Air Temperatures – The following maximum temperatures (F) were recorded across the state of Hawaii Sunday:
77 Lihue, Kauai
80 Honolulu, Oahu
77 Kahului, Maui
79 Kona, Hawaii
81 Hilo, Hawaii
Air Temperatures ranged between these warmest and coolest spots near sea level – and on the highest mountain tops on Maui and the Big Island…as of 743pm Sunday evening:
Kailua Kona – 76
Hana, Maui - 70
Haleakala Summit – 45 (near 10,000 feet on Maui)
Mauna Kea Summit – 34 (13,000+ feet on the Big Island)
Hawaii’s Mountains – Here’s a link to the live web cam on the summit of near 13,800 foot Mauna Kea on the Big Island of Hawaii. This web cam is available during the daylight hours here in the islands…and when there’s a big moon shining down during the night at times. Plus, during the nights you will be able to see stars, and the sunrise and sunset too… depending upon weather conditions.
We’ll see showers mostly over Maui County…and the Big Island
Generally light north to northeast breezes…becoming trade
winds later Monday
An upper level low pressure system may enhance whatever
showers that are around late Monday into Tuesday
High Surf Advisory…for north and west shores of
Kauai, Oahu, Molokai, north shore of Maui, and
west shore of the Big Island
Small Craft Wind Advisory…coastal and channel
waters around Kauai through the Big Island
The following numbers represent the most recent top wind gusts (mph), along with directions…as of Sunday evening:
18 Puu Opae, Kauai – NW
18 Waianae Harbor, Oahu – NW
14 Molokai – NW
17 Lanai – N
12 Kahoolawe – NW
15 Kaupo Gap, Maui – SE
18 Upolu airport, Big Island – SW
Here are the latest 24-hour precipitation totals (inches) for each of the islands…as of Sunday evening (545pm totals):
0.09 Kapahi, Kauai
1.17 Makua Range, Oahu
2.71 Kaupo Gap, Maui
1.28 Kapapala Ranch, Big Island
We can use the following links to see what’s going on in our area of the north central Pacific Ocean. Here’s the latest NOAA satellite picture – the latest looping satellite image… and finally the latest looping radar image for the Hawaiian Islands.
~~~ Hawaii Weather Narrative ~~~
Our winds will be lighter from the north and northeast…then become trade winds later Monday. Here’s the latest weather map, showing the Hawaiian Islands, and the rest of the North Pacific Ocean. Here’s a real-time wind profile of the central Pacific…centered on the Hawaiian Islands. ~~~ We find a gale low pressure system to the north of the islands, with its dissipating cold front near the Big Island. The winds in the wake of the front will be cooler from the north and northwest, and then gradually swing around to the trade wind direction into Tuesday. The next cold front will arrive mid-week, with southeast to southwest breezes preceding it..with another round of north to northeast breezes in its wake Thursday. It appears that we’ll get back into a trade wind flow Friday…into next weekend.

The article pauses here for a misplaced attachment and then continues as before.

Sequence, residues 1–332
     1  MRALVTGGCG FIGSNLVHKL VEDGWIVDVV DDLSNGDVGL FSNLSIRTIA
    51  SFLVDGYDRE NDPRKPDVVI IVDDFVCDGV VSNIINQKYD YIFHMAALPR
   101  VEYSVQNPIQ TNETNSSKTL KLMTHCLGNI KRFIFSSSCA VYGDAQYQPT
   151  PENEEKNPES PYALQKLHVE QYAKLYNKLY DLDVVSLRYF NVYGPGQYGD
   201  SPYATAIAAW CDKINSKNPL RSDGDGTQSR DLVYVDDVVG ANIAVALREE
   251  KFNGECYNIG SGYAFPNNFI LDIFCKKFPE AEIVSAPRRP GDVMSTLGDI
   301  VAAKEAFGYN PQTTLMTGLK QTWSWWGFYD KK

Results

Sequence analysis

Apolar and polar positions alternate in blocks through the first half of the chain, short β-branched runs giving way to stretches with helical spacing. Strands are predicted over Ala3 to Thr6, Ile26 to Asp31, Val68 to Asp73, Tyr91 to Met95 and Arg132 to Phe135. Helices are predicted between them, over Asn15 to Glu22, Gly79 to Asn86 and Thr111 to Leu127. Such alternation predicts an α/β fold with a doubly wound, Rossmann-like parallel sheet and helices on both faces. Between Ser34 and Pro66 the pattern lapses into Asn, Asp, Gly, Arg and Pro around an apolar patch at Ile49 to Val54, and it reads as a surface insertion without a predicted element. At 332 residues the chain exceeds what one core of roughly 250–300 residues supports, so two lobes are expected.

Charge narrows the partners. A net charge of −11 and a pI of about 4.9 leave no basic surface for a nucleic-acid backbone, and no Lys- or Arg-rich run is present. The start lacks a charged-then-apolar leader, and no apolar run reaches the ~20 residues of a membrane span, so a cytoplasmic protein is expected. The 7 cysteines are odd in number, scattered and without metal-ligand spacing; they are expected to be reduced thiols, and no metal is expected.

Satellite imagery shows a cold front now dissipating over the Big Island…with clouds over Maui County and Oahu in its wake. There are clouds associated with the cold front, although there are clear areas in the wake of the front over Kauai and Oahu. There are those brighter white areas to the northwest and north, which are high cirrus clouds. Then are some towering cumulus well to the northeast. Here’s the looping radar image, showing the bulk of the showers falling over Maui County…with some stretching down to the Big Island in places too. Most of these are light to moderately heavy showers, being carried along on the southwesterly wind flow around the front. Looking at this larger satellite image, which is in the looping mode, we can see clouds being pulled northeastward across our area, up into the circulation of the low pressure system to our north.
This weekend’s cold front passed over Kauai and Oahu, and is stalling between Maui and the Big Island…bringing a round of good showers with it. This is stalling somewhere near Maui County and the Big Island. This dissipating front will act as a focus for off and on showers over those eastern islands…then dissipate Monday. The one problem will be that an upper level low pressure system will move overhead, making our air mass unstable later Monday into Tuesday…prompting isolated locally heavy showers, or even a thunderstorm then. Then, the next cold front arrives around Wednesday, with more showers arriving then into Thursday. As we get into Friday and next weekend, the trade winds are forecast to return, with windward showers expected. There will need to be fine tuning to all of the above, as we move forward of course. ~~~ I’ll be back again early Monday morning with your next new weather narrative, I hope you have a great Sunday night wherever you’re spending it! Aloha for now…Glenn.
Here on Maui early this morning, at the 3,100 foot elevation, at my upper Kula, Maui weather tower, the outdoor air temperature sensor was reading 61.3F degrees at 645am this morning. It was cloudy with light rain showers falling. Now that its a bit lighter, I can see that we are socked in with fog too. I had plans to have breakfast out with my neighbors, although I think it best to scrap that plan, and just hunker in here at home…considering the weather.
~~~ It’s now early afternoon, at 1210pm, with foggy skies and off and on misty drizzle continuing. The air temperature was 66.7 degrees. I think the cold front is over Maui now, as the winds have pretty much shut down completely.